Reaching and enrolling drug users for HIV prevention: A multi-site analysis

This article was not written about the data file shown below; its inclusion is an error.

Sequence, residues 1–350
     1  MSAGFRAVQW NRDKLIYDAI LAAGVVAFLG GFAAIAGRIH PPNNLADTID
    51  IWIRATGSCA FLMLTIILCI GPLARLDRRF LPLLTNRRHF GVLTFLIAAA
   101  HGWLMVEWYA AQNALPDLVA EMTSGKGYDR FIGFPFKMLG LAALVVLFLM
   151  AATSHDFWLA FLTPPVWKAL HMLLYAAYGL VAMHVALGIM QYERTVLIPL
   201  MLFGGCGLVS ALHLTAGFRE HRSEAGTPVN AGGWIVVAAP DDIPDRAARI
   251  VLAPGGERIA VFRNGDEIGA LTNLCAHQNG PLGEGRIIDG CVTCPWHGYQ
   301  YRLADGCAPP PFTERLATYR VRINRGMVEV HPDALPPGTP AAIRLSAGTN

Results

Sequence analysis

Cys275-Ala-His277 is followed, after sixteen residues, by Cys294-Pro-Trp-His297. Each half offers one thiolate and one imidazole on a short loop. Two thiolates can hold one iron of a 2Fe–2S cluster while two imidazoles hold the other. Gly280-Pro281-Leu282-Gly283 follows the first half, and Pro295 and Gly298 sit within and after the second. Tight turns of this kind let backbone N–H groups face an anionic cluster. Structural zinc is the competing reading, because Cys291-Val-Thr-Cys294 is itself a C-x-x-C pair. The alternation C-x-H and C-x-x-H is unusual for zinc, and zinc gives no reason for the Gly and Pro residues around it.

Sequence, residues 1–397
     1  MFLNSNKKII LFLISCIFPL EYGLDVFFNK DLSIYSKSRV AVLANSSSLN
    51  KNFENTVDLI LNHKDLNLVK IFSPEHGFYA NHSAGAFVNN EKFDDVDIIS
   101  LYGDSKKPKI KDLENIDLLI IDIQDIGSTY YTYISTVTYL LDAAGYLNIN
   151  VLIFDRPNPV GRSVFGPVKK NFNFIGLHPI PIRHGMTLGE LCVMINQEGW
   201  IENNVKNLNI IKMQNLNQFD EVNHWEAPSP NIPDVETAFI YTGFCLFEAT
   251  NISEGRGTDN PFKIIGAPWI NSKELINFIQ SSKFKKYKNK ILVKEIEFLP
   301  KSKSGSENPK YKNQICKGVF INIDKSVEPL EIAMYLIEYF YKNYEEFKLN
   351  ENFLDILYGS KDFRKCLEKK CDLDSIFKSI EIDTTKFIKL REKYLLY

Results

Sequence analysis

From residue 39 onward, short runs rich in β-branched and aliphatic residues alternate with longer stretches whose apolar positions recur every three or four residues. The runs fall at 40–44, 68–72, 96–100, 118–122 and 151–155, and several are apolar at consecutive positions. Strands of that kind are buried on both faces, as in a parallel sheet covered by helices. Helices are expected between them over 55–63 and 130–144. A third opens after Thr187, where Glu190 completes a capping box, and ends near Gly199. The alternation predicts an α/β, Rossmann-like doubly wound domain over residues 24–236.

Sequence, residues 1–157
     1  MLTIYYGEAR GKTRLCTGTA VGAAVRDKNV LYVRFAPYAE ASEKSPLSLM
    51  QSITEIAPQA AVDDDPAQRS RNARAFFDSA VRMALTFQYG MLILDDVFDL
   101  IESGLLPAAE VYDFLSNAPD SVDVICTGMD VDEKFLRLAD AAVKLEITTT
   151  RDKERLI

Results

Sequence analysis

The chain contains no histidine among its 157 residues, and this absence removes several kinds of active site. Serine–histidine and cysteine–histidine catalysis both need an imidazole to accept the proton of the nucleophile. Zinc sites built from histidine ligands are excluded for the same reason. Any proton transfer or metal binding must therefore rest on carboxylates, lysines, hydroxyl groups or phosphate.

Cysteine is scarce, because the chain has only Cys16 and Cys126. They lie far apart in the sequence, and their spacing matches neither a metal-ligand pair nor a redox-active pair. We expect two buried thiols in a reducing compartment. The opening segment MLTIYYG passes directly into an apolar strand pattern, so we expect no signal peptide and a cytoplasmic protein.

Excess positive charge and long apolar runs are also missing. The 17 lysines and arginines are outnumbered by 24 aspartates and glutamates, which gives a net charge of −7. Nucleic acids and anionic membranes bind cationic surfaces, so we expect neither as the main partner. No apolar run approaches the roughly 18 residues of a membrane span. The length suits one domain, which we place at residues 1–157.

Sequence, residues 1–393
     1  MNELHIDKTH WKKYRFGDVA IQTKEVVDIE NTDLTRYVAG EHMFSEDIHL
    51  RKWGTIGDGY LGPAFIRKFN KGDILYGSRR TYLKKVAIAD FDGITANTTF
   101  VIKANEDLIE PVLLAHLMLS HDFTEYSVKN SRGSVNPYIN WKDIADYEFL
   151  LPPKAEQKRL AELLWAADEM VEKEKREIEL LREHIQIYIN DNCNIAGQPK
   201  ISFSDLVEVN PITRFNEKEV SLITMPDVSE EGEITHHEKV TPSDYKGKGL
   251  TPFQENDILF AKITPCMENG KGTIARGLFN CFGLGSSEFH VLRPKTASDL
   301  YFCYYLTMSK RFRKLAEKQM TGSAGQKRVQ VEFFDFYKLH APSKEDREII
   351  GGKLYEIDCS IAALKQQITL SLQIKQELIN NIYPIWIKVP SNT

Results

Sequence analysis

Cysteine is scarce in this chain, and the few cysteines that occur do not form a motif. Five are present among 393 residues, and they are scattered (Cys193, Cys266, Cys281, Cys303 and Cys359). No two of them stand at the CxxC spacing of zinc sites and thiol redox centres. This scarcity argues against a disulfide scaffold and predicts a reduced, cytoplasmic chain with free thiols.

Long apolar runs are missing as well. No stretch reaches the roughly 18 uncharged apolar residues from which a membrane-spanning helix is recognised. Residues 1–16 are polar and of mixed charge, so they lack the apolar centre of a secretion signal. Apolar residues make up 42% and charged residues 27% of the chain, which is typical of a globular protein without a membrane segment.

Since 1994, several sites have participated in a NIDA Cooperative Agreement for AIDS Community-based Outreach/Intervention Research Program to examine rates of HIV risk behaviors and evaluate HIV risk reduction interventions among out-of-treatment drug injection and crack cocaine and heroin smokers. We studied the process and outcome of community outreach for recruitment of drug users in AIDS research and education projects in three metropolitan areas: St. Louis, MO; San Antonio, TX, and Durham and Wake Counties, NC. There were two primary areas of focus: (1) the level of accuracy among community health outreach workers (CHOWs) in identifying potentially eligible persons for HIV prevention, and (2) overall effectiveness in recruiting and enrolling persons in formal assessment and intervention studies. We found cross-site and within-site differences in levels of accuracy and in recruitment and enrollment yields. Drug users who had never been in treatment and drug users who had never been tested for HIV infection were underrepresented at all sites. We discuss the factors which may have contributed to cross-site and within-site differences. The findings suggest a need for continued study, refinement, and evaluation of community outreach strategies in order to enroll a broad spectrum of vulnerable groups in HIV prevention activities.